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Smart Form Webhook Handler ❺

Post form data direct to webhooks, while supporting Webflow's inline success / error messages
v5.3.7 has redefined the other handler to recognize error codes as errors, and to display the form's error message accordingly. If you need the original behavior where success is assumed regardless of the response code, use the new success handler.
v4.10 adds Basin support, to help alleviate SPAM and form handler issues.
Currently supports HTTP POST to webhooks only. We may add HTTP GET support if users are in need of it. Use the forum to suggest future improvements.

Overview

Webflow has a nice form-builder capability with good styling options- however by default, the success and failure messages only work with Webflow's built-in form handler.
SA5 Forms allows you to integrate Webflow forms with other services, and process their responses as success / fail, including error message and results display.

Demonstration

Details

Webflow forms can be redirected to a webhook for external processing, by specifying the action in Webflow’s designer. This gives you a lot of capability, including business logic and immediate processing of your form data, however Webflow does not have any in-built way to handle the webhook’s response.
By default, instead of a “success” message, the user sees the JSON response itself- which is not an ideal user experience. Alternatively, you’re forced to create a thank you page, exclude it from search engines, etc- when often all you wanted was a success message.
The WFU forms handler bridges that gap;
  1. 1.
    It submits your form directly to the webhook you choose.
  2. 2.
    It analyzes the response to determine success or failure.
  3. 3.
    It then displays the form success or failure message, depending on that result.
  4. 4.
    On a successful submit, if the form is configured with a redirect URL, then the submit button is given the Please wait... text and the page is redirected instead.

Webhook Handlers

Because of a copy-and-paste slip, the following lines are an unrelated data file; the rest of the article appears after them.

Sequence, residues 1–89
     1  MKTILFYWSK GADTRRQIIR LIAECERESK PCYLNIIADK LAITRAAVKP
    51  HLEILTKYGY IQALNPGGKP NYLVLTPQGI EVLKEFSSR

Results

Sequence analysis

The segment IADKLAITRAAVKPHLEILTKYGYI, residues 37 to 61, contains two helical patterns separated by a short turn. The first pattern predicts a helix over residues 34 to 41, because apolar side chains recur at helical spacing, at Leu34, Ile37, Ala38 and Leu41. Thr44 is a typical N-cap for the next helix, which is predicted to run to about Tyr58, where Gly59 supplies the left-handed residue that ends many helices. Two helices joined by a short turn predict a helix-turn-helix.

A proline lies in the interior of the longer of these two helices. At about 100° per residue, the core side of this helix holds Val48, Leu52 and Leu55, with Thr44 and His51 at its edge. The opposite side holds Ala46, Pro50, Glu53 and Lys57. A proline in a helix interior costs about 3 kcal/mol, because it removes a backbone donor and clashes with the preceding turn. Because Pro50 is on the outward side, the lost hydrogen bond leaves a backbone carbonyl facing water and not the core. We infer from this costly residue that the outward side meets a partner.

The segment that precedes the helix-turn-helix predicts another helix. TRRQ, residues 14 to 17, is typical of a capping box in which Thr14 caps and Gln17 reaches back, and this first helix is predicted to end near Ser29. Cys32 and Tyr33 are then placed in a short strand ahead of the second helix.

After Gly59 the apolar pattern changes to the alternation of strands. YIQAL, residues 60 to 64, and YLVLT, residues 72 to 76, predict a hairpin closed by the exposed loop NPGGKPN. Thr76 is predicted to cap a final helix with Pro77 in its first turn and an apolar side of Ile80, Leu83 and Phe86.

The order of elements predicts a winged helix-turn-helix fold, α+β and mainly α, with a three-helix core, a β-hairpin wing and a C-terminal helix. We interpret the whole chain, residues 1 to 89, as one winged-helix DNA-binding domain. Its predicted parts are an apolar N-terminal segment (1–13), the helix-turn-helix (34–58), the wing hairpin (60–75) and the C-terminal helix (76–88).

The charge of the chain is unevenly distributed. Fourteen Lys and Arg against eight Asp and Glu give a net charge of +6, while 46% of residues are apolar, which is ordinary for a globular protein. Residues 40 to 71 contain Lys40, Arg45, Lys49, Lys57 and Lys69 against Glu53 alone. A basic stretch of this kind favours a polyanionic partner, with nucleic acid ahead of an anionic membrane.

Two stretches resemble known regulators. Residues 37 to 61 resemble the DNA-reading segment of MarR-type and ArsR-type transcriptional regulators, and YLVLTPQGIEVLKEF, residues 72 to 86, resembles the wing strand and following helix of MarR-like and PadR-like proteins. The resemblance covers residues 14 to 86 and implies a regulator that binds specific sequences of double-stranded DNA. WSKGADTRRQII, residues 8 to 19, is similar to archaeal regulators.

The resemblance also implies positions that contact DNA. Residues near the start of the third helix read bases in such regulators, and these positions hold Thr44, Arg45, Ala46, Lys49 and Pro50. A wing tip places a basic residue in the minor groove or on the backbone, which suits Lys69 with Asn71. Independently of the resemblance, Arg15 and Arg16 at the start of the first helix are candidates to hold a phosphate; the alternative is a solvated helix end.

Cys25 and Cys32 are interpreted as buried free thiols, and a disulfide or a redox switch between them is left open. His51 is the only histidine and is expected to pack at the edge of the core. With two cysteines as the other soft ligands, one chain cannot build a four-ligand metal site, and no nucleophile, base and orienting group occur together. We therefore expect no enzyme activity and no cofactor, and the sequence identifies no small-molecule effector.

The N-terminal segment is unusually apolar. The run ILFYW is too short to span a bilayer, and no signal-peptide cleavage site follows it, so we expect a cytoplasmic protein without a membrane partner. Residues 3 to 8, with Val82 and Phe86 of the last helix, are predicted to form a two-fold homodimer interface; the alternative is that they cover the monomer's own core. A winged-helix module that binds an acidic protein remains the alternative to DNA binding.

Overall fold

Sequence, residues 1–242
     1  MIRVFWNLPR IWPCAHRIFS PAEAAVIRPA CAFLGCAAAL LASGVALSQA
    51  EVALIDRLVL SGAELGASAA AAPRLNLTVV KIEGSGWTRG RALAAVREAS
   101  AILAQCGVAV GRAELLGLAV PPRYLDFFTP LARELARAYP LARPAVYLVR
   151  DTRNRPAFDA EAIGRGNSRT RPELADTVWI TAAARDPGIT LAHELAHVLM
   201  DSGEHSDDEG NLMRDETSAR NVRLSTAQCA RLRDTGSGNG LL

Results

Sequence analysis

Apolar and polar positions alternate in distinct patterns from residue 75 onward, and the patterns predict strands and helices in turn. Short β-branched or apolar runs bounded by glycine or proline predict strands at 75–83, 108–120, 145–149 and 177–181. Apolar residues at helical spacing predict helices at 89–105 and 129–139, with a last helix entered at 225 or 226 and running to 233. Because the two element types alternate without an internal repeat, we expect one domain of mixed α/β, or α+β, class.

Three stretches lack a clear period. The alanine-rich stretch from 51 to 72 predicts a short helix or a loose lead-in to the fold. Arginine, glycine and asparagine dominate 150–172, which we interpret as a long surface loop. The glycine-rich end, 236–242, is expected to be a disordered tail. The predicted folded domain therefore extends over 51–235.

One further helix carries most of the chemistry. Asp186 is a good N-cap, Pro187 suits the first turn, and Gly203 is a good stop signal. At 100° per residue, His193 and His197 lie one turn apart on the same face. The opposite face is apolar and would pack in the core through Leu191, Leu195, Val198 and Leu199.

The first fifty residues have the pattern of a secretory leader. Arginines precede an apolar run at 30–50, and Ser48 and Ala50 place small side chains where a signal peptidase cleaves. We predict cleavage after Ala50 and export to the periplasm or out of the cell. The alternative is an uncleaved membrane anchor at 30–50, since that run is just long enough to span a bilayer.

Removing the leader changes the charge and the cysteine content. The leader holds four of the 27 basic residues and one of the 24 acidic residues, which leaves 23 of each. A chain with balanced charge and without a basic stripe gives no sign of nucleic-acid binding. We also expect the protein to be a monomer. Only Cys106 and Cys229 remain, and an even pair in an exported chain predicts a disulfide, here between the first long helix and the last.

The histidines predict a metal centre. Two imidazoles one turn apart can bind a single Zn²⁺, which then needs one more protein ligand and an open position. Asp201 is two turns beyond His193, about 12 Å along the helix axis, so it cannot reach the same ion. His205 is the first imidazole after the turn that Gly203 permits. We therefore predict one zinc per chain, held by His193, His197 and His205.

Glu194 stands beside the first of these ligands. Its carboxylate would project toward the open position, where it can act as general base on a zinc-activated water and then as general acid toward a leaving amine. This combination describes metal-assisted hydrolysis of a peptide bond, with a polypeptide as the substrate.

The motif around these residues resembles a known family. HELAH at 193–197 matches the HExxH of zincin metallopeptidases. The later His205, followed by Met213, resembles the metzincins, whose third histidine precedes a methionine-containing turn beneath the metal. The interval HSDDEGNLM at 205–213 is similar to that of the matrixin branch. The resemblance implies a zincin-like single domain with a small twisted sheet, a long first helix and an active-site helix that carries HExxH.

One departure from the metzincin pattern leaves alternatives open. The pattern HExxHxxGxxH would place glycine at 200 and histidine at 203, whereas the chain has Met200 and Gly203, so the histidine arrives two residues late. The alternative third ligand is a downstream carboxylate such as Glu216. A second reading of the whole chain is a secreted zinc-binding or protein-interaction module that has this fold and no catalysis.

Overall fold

Because each webhook provider responds differently, we have several “handlers” for each situation;
  • The Zapier handler looks for “success” in the response, and displays the success message if it is present. However it’s important to note that Zapier’s success response only indicates that the data was received successfully. It does not indicate that the Zap ran successfully.
  • The Make ( Integromat ) handler can handle specific responses and display error messages, if you use the HTTP Response node in Make. If you have the request return immediately, you will simply get 'Accepted' from Make as the success text.
  • The n8n handler can handle specific responses and display error messages.
  • The Basin handler shows success and fail messages depending on Basin's response.
  • The Other handler is most useful for unknown webhook providers. It relies on the webhook to return a meaningful response code. Responses in the range 200-299 are considered success, and anything else is considered an error. Use it for simple and less essential form submissions, like newsletter enrollments.
  • The Success handler always displays the success message, regardless of the response code. Use it in situations where success/failure aren’t that important, you just need to indicate to the user that their work is done.

Key advantages

Why use a custom webhook form handler rather than Webflow's?
  • Immediate form processing, with no delays. If you’ve used e.g. Zapier’s Webflow trigger, it polls for new forms and can take 10 minutes for a form submission to be detected.
  • No need to use Webflow’s built-in forms email notification system. You can go direct to a Sales Force Automation (SFA) system, or to your own email notification with no unsubscribe link problems.
  • No form submission limits.
  • Make the form behave like a normal webflow form post, where it stays on the same page, and displays the form’s success message.
  • Handle error scenarios better, including unique server side logic and error messages ( with Make & n8n ).

Getting Started ( NOCODE )

STEP 1 - Add the Library

First, add the library as detailed in Quick Start.
  • Setup your webhook on Basin, Zapier, Make, n8n, or your form handler or automation provider of choice. Design it to accept HTTP POST requests.
  • Copy the webhook URL and in the Webflow designer, paste it into the Action setting of the form.
  • Design the form however you like
  • Set the form method to POST
  • Make sure to customize your success and fail messages too.

STEP 3 - Mark your Form for WFU’s handler

In the designer, select the Form Block element ( not the Form element ). On the Form Block element, add a custom attribute of wfu-form-handler, and specify the handler you want;
  • Use basin for Basin webhooks.
  • Use zapier for Zapier webhooks.
  • Use make for Make ( Integromat ) webhooks.
  • Use n8n for n8n webhooks.
  • Use other for all other webhooks.
  • Use success to assume success on any response.
Each will behave slightly differently in how it processes the response, since each webhook service does responses differently. See notes above.

Additional References

Last modified 4mo ago